On Wednesday evening, North Korea launched an ICBM tipped with a nuclear warhead toward Hawaii. The missile fell into the Pacific Ocean and detonated relatively harmlessly. However, the US launched a return strike, decimating Pyongyang and several military centers of North Korea.
In retaliation for the unilateral action, China torpedoed a US destroyer in the South China Sea, setting off a vicious sea battle won decisively by the United States. In Beijing, a rogue official hacked into the nuclear launch systems and fired two ICBM's toward Los Angeles, which exploded just off the coast, killing thousands. The US immediately fired a return volley from ballistic missile submarines off the coast of Japan.
Within hours, more than one billion human beings had perished in a fiery hell, before a cease fire was agreed upon by several of the few remaining naval officers of the Chinese and US fleets. A cold, sooty darkness fell over the earth and suffering became the rule instead of the exception.
As hospitals and morgues struggled to keep up with the glut of dying and dead, and power grids and servers across the country began to blink out for the final time, we wondered what today's hottest country music stars and media personalities were saying on social media! Here's what was on their minds!
"It’s the same reason you hated the quarterback of your high school football team." "If you’re a mainstream country hater, my guess is that you landed near the bottom of the social totem pole." -Whiskey Riff
I didn't hate the quarterback (sometimes running back, sometimes wherever they needed him) of my high school team. He was pretty cool. Better at baseball than football, went to Bama after high school. Even got drafted to the Reds and hung around in the minors for a few years. He's coaching now, I believe. We're friends on Facebook; we weren't ever actual hang-out buddies, but I certainly didn't hate him.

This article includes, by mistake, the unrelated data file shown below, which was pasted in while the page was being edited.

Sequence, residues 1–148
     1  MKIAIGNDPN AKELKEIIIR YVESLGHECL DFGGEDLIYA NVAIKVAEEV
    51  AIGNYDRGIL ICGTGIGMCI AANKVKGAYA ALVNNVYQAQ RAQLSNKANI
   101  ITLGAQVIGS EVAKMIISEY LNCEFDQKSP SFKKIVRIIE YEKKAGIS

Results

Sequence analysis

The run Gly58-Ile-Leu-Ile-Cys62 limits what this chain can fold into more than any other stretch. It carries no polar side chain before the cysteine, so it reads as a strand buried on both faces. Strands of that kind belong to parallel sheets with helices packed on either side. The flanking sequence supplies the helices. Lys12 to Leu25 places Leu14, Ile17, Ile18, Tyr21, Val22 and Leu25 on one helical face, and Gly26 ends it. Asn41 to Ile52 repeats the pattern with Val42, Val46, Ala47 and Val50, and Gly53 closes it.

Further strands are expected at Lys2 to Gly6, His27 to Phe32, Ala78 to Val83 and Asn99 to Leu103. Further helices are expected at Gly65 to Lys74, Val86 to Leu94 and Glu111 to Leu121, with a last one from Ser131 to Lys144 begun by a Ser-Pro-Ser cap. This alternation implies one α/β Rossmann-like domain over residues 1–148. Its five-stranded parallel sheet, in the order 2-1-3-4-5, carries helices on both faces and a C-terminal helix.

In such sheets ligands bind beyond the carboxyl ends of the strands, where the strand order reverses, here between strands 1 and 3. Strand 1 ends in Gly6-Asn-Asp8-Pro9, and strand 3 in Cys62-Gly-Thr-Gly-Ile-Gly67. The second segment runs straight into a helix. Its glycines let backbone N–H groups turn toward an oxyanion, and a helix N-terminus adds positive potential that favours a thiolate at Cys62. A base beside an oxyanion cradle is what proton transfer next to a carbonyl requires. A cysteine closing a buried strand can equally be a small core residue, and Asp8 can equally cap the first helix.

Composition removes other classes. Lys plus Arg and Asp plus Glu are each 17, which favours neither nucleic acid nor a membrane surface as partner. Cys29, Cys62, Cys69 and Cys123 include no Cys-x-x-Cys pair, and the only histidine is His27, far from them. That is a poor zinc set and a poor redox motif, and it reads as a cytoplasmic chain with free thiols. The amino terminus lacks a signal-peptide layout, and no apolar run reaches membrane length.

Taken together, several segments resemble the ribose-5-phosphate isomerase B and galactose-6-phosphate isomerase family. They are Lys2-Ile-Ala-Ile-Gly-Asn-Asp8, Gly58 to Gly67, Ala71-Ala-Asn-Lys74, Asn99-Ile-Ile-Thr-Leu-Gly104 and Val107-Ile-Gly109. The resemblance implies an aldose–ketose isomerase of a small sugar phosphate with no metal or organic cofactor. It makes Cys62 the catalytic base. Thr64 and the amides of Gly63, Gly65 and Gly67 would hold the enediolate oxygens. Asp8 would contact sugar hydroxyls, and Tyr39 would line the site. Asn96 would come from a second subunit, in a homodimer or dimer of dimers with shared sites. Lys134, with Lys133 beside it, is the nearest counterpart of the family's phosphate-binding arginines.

In fact the only douchebags I remember being on the team were a couple of tall twins who were overly rough in practice. Yeah, I have first-hand knowledge because I went out for the team one spring. Didn't stick with it - not because I got cut or anything - but because I needed to get a job the upcoming summer.
There weren't really highly defined cliques in my school at the time, but I hung out with what you might have called the popular kids. I partied around bonfires. I cut class to go swimming. I went on dates.
The point is, if high school was a popularity contest, I was not cut in round one. I hated to even list all that crap because it doesn't doesn't make me any more valuable to society than a loner (which I kinda am now) or a nerd or a goth chick, and doesn't add up to a hill of beans in a discussion of music. None of that is relevant to my tastes, and besides…. what adult still speaks in the context of high school cliques?
Let's get down to business. In their article "Here's the Real Reason You Hate Mainstream Country Music," Whisky Riff says that basically, if you don't like mainstream country music, you were probably an outcast in high school and you're still jealous of the popular, good looking people. If that's not the dumbest shit I've ever read, I'll probably read the actual dumbest shit next week on Whiskey Riff.
The article is pure clickbait, and I shouldn't take the bait, but I'm human. It pissed me off. Not only because it's so patently false, but because so many people actually believe that crap. It's the equivalent of a YouTube commenter saying "Ur a hater, ur just jealous" to someone who dared say Sam Hunt's latest song might not actually be country. It's a dumb, base mentality opinion from someone who's either not far removed from high school, or sadly, still stuck in that mindset.